Best Online Master’s in Social Work (MSW) Programs

 Social workers with a master's degree can pursue leadership roles like managing child welfare agencies and directing service departments. Check out our favorite online master's programs.

Taking two years of full-time study, an online master’s degree in social work prepares students to serve their communities during times of great challenge. While some social workers apply their skills to counseling individuals and couples, others use their expertise to advocate for change in the social welfare system. Social workers can also land postsecondary teaching positions or perform research aimed at creating equality for all.

After several years of professional experience, social workers can secure leadership roles, directing social services departments or managing child welfare agencies.

A positive career outlook can be another motivating factor for these students. The Bureau of Labor Statistics (BLS) projects 8% job growth for social workers between 2019 and 2029. These professionals earn a median salary of $51,760.

Additionally, some related occupations, such as school and career counselor, marriage and family therapist, and rehabilitation counselor, offer even higher projected growth rates and incomes.

What Can I Expect From an Online MSW Program?

Typically requiring 48-60 credits, an online master’s degree in social work provides learners with advanced knowledge in human behavior, social policy, and clinical practice. Master's students build on their prior education and experience by taking classes in leadership and development, organizational theory, social advocacy, and clinical intervention strategies.

“Being able to apply what you are currently learning and having a group setting to share and process with was very rewarding.”

The Council on Social Work Education (CSWE) states that graduates of MSW programs must have a minimum of 900 hours of supervised field instruction. This field experience enables students to apply their advanced theoretical knowledge to social work practice in supervised settings. Degree-seekers learn to integrate the skills and concepts they’ve studied in the classroom to work with real clients.

Sue English, MSW, LCSW, CADC, explains that "Practice and programming classes were beneficial to take alongside working at an internship. Being able to apply what you are currently learning and having a group setting to share and process with was very rewarding."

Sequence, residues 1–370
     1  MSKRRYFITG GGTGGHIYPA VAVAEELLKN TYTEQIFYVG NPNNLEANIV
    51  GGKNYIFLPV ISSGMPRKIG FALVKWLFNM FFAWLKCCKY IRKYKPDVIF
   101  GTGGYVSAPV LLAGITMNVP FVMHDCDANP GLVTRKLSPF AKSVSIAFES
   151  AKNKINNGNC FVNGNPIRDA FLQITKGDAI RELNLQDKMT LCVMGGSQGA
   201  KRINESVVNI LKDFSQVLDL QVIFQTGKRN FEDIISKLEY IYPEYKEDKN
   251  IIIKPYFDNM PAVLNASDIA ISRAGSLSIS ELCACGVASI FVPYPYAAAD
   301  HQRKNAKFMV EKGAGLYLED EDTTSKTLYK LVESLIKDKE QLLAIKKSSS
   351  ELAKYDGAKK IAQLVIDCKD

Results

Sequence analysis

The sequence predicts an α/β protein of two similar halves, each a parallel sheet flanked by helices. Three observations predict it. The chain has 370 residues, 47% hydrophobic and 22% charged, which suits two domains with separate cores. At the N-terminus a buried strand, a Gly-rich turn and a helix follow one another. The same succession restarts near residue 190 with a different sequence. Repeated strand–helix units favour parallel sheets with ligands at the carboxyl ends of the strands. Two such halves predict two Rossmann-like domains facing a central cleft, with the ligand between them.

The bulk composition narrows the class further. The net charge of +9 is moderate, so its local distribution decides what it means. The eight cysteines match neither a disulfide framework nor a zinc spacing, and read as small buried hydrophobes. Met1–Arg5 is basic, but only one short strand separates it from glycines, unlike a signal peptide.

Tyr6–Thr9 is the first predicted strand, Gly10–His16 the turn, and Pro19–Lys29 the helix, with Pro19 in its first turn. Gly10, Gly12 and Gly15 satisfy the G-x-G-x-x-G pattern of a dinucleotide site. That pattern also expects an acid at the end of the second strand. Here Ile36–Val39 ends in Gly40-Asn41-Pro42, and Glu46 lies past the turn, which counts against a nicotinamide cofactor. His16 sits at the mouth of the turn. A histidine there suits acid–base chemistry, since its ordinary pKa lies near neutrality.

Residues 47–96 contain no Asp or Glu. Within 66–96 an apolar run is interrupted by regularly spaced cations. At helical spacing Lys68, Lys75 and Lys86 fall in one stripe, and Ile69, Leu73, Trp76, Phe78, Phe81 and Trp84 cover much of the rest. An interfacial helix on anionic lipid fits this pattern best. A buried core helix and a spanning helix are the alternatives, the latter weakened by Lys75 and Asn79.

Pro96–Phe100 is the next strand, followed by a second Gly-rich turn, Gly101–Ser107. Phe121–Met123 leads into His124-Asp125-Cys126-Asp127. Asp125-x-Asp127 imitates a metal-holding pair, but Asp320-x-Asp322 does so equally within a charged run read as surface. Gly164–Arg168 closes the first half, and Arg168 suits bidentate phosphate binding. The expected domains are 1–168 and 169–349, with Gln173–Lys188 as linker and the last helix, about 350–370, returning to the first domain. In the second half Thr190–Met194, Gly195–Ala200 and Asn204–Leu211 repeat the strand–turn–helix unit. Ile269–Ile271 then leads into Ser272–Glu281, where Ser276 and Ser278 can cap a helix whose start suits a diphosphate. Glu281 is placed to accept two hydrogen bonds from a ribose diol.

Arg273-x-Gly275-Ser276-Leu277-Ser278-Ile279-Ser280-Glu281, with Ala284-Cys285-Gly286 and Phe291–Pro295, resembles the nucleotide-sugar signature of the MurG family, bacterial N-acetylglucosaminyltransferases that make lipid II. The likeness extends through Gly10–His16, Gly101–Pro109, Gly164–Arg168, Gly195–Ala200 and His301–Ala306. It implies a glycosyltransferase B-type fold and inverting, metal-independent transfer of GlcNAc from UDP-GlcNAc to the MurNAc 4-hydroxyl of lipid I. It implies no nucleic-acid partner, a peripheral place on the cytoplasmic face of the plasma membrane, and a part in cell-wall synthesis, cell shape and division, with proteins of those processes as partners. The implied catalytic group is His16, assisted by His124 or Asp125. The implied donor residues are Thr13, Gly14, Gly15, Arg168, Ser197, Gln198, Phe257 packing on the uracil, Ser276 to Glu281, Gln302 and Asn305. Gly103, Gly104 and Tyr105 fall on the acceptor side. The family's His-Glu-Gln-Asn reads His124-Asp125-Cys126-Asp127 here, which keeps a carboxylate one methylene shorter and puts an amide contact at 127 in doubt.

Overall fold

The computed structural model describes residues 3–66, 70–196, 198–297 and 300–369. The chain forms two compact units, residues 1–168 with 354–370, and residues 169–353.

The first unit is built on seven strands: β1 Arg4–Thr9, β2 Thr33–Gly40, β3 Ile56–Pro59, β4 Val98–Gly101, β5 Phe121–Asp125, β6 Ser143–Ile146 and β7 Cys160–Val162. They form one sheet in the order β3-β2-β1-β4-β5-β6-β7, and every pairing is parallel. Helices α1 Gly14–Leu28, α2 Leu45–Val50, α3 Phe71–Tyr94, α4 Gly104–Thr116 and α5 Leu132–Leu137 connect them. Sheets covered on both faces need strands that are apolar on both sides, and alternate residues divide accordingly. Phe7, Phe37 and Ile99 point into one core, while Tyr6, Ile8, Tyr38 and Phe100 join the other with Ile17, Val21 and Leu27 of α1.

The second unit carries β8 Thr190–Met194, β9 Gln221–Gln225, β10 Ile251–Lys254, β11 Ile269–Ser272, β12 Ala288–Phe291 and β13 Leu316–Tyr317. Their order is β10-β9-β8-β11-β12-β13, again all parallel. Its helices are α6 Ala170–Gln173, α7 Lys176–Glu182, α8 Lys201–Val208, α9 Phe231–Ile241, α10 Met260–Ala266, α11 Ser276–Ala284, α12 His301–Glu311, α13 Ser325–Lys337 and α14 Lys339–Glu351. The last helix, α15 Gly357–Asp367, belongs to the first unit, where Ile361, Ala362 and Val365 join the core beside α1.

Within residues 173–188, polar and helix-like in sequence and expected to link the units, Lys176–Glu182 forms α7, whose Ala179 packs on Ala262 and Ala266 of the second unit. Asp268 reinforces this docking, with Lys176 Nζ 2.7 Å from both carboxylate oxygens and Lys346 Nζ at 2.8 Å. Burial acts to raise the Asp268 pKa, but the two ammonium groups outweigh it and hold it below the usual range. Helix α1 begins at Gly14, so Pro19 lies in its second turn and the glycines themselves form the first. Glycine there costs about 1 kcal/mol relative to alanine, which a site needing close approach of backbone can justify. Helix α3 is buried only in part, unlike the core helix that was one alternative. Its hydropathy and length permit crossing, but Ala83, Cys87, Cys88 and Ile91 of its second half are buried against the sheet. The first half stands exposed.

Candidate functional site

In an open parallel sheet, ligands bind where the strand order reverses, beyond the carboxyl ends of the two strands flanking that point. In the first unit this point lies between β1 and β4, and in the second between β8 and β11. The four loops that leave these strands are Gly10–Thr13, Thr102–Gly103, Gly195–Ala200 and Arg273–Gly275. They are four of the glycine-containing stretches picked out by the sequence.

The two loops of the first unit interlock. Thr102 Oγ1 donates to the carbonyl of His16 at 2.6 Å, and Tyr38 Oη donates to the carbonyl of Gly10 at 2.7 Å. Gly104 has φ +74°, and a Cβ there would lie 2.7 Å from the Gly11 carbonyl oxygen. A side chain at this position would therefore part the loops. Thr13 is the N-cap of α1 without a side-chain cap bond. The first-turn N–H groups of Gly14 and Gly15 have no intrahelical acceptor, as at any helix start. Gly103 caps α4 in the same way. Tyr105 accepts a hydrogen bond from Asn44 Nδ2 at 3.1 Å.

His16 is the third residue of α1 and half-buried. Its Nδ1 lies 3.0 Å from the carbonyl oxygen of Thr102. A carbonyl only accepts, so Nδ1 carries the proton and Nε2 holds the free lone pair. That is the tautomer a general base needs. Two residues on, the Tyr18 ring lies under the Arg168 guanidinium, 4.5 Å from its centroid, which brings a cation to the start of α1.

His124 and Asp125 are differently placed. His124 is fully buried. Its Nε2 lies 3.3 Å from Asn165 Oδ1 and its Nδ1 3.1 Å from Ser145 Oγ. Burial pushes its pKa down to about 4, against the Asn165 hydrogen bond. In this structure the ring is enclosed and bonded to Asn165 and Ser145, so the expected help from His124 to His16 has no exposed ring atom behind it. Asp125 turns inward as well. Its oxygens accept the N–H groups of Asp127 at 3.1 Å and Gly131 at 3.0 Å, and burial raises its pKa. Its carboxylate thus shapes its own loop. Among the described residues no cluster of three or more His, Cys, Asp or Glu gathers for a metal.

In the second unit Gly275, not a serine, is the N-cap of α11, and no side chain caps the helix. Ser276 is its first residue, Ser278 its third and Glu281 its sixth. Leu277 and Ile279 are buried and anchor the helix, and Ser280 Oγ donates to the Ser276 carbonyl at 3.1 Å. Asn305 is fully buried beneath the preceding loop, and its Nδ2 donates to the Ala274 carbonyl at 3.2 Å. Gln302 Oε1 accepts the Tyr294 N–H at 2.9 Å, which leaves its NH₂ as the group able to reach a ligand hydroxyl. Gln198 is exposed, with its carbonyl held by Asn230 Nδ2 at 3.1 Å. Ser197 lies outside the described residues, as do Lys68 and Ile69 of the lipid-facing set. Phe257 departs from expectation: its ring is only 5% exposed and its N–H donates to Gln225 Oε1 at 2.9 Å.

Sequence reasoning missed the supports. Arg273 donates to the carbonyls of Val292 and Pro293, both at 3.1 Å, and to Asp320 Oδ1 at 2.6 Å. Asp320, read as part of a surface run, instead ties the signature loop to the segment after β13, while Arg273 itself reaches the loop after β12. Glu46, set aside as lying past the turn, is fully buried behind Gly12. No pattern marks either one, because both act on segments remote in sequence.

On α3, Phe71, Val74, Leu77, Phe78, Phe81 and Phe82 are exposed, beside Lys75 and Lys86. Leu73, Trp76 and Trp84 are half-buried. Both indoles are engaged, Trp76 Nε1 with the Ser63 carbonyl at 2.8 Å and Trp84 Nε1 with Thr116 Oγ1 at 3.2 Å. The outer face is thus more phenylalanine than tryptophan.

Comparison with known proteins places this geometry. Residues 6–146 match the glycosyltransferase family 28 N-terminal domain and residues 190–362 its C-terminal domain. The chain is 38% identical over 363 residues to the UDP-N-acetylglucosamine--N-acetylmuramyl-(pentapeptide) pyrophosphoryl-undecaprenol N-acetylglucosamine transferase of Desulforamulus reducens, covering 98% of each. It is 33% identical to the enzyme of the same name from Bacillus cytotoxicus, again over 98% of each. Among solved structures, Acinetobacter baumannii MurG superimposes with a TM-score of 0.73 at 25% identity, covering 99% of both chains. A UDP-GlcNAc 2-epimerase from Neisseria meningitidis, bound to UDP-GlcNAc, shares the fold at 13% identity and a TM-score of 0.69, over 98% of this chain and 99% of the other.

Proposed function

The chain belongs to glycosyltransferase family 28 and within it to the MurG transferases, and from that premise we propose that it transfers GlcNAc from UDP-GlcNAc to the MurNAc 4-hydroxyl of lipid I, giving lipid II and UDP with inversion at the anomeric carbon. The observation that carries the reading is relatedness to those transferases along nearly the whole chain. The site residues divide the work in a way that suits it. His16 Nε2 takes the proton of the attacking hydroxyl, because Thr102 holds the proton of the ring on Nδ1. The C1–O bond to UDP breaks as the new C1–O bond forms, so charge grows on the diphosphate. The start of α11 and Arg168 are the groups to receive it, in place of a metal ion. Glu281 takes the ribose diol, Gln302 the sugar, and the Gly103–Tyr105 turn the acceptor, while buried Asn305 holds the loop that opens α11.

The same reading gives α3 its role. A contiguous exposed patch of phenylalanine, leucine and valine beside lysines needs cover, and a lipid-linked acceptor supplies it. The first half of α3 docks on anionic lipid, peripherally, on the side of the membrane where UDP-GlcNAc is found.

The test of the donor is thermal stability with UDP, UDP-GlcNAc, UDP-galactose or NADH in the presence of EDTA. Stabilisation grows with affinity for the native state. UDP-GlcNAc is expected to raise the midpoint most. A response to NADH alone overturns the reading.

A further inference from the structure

Additionally, students may choose to center their studies around the micro, mezzo, or macro levels of social work. The micro level focuses on helping individuals, the mezzo level involves working with groups and organizations, and the macro level aims to address large-scale issues in the social work field.

Once students understand which level of social work they’re most interested in, they can choose the concentration that makes most sense for their career goals. Though every program varies in specific offerings, common MSW concentrations include the following:

Clinical/direct practice social work

Advanced generalist

Administrative and community development

Addiction/chemical dependence

Children’s mental health specialist

Medical social work

Trauma Specialist

What Courses Will I Take in an Online Master's in Social Work Program?

Social Welfare Policy

This course examines the history and purpose of social welfare, as well as the role and evolution of government in social welfare policy. Students explore current social welfare issues and the underlying values that support different perspectives while learning to identify the strengths and weaknesses of our current social welfare system on different levels.

Interventions in Clinical Social Work

In this course, students apply theoretical concepts and intervention strategies to practice experiences with diverse patient populations in supervised settings. Coursework delves into ethical standards in social work, emphasizes the use of evidence-based practice, and covers the importance of cultural competency and sensitivity in a clinical setting. In addition, students will review and practice concrete clinical skills in the classroom and during their field placements to master theoretical concepts.

Poverty and Inequality

With a focus on recent historical trends, this course explores how poverty is defined and measured in the United States. Learners study the political, economic, and philosophical foundations of the nation’s social welfare system, become familiar with current welfare policy controversies, and analyze different perspectives on poverty and inequality.

Human Behavior in the Social Environment

This course explores theories surrounding how people and communities develop, behave, and interact. Degree-seekers examine lifespan development from conception to old age and study how social influence impacts development and community outcomes.

Social Work Research

Social work research courses provide an overview of qualitative and quantitative research methods, causation, measurem

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